Figure 2.6 CHECK SHOT SURVEY - SCHEMATIC
2.2.4The Vertical Seismic Profile (VSP)
A natural and most useful extension of the check-shot survey is the VSP. The recording technique is
essentially the same except that many more levels are recorded, and the recording time is extended to 3 or 4 seconds. A VSP will typically be recorded every 25 metres within the well. This means that
a VSP is much more expensive to record (more rig time is required), and hence they are not done
often. Depending on the TD of the well, and the number of levels recorded, a VSP can run from $50,000 to $150,000. The big advantage of the VSP is the amount of information it gives the
geophysicist. The principle of VSP acquisition, and a VSP plot are given in Figure 2.7 and Figure 2.8 respectively.
Figure 2.7 VSP - SCHEMATIC
Figure 2.8 VSP - PLOT
2.3 POLARITY AND ITS IMPORTANCE
The problem of polarity is as old as the seismic method itself. The geophysicist needs to know the
polarity of the section in order to help determine the stratigraphy of the section. Polarity has been defined by the SEG (see definitions) and is important for the following reason: we define a
reflection coefficient as positive at an interface where a compressive wave is reflected as a compressive wave. This implies an increase in seismic velocity from the first medium to the second,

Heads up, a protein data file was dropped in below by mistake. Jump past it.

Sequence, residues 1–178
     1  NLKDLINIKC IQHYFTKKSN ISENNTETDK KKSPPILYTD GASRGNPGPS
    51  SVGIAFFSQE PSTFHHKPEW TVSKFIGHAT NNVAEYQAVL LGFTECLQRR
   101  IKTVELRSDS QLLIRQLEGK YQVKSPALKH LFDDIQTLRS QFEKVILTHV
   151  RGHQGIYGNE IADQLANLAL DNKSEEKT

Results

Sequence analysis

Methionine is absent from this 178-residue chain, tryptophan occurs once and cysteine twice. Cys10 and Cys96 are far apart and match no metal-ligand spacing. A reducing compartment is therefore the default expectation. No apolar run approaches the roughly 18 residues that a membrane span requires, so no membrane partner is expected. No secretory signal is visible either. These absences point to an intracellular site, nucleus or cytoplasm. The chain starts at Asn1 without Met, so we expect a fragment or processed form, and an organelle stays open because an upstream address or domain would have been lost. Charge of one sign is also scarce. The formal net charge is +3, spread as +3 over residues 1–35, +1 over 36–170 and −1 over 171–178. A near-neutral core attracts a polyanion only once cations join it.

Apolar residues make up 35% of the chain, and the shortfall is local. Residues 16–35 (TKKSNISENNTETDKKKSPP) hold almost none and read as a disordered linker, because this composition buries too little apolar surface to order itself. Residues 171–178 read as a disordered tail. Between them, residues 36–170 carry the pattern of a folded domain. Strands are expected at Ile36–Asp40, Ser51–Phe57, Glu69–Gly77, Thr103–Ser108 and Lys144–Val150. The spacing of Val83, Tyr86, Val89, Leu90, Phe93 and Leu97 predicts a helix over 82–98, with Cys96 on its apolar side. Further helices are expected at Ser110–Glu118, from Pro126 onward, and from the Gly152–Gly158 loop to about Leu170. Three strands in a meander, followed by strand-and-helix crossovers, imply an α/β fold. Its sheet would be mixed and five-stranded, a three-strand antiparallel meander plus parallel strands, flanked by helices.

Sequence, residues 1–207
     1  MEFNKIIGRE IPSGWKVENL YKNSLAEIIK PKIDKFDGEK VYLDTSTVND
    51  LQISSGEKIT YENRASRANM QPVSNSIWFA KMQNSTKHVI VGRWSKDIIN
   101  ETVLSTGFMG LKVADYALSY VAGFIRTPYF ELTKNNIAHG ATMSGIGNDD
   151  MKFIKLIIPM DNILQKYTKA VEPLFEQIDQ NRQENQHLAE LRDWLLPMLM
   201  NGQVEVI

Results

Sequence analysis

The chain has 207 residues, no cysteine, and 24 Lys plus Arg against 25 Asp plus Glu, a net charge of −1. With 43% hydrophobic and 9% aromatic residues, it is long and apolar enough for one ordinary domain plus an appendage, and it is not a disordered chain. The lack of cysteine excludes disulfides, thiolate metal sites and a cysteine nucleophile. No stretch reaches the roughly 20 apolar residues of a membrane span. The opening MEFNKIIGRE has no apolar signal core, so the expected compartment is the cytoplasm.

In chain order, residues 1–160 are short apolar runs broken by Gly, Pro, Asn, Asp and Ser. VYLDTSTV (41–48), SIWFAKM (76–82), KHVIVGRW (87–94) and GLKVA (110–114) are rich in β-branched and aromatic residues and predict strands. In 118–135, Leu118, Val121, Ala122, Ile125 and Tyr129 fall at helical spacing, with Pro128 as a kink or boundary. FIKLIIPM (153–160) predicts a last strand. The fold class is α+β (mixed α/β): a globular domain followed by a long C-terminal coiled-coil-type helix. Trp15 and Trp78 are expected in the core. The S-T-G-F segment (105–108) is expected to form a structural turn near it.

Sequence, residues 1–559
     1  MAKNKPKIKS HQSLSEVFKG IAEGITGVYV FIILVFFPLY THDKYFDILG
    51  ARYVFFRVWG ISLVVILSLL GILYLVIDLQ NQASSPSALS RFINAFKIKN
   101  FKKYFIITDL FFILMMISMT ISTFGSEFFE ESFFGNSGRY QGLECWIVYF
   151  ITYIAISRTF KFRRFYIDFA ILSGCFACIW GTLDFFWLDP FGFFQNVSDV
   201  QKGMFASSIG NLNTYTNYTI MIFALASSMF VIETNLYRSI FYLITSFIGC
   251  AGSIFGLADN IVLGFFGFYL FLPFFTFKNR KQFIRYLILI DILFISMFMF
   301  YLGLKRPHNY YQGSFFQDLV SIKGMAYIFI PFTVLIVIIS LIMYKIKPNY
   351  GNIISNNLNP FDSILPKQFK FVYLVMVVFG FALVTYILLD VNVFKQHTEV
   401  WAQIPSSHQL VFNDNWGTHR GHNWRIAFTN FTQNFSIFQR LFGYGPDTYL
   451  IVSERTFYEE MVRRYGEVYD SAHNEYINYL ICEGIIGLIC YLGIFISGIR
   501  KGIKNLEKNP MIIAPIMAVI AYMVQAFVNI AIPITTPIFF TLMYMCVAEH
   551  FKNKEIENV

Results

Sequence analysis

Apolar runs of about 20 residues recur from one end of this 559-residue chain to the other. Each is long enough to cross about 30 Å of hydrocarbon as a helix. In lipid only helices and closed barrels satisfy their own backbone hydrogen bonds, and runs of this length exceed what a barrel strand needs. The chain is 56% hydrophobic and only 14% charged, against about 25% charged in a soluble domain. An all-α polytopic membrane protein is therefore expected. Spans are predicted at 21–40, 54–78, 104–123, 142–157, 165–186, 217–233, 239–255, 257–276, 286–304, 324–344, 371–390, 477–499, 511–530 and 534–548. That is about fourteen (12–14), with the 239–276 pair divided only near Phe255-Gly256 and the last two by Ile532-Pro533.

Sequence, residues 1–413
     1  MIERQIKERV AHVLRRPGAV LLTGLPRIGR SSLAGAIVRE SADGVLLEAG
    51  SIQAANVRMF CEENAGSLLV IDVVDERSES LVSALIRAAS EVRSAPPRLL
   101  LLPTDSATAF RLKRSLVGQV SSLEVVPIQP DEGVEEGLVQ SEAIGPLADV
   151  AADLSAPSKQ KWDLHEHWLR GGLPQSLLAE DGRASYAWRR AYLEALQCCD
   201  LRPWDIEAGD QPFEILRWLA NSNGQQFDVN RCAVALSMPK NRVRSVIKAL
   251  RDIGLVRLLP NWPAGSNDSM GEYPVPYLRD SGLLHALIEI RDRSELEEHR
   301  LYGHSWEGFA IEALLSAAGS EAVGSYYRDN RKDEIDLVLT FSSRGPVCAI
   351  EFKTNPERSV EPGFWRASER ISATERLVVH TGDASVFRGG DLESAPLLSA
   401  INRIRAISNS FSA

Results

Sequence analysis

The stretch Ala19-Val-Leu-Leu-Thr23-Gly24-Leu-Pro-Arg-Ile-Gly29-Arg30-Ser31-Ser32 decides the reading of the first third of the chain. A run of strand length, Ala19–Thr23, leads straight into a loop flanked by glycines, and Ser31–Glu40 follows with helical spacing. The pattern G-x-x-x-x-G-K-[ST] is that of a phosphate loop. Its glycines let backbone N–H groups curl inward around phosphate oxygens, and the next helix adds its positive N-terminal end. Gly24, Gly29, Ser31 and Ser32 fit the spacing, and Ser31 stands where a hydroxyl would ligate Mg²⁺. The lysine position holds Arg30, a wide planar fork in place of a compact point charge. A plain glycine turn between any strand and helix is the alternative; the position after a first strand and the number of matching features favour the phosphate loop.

and the geophysicist (or geologist) will then know the kind of stratigraphic change taking place.
Hence it is vital to know what a peak or a trough is truly representing on the seismic section.
The main tool the interpreter has to determine polarity is the synthetic seismogram, in which the reflection coefficient series is convolved with a known wavelet, and then displayed at both polarities
for that wavelet. The seismic section that truly (or most closely) matches the synthetic derived with the wavelet of positive polarity will be designated as the "log normal" section. Polarity becomes
especially critical in stratigraphic plays. Basing one's interpretation on the wrong polarity can mean
the difference between drilling success and failure (why should this be?).
2.4 THE STACK VS. THE MIGRATED SECTION
The final interpretation done by a geophysicist will almost always be done with the migrated
section; it is vital to have any structural elements and faults placed in their correct spatial location relative to each other and relative to known geographical coordinates. The final objective of the
interpretation is a drilling location; basing a location on non-migrated data would be foolish at best, disastrous at worst.
However the stack section is very useful in two situations that come to mind immediately; in highly structured and faulted areas and in reef plays.
In both types of plays, it is vital to pinpoint exactly the edge of a fault, or the edge of a reef. These
are often marked by the apex of diffraction patterns, whi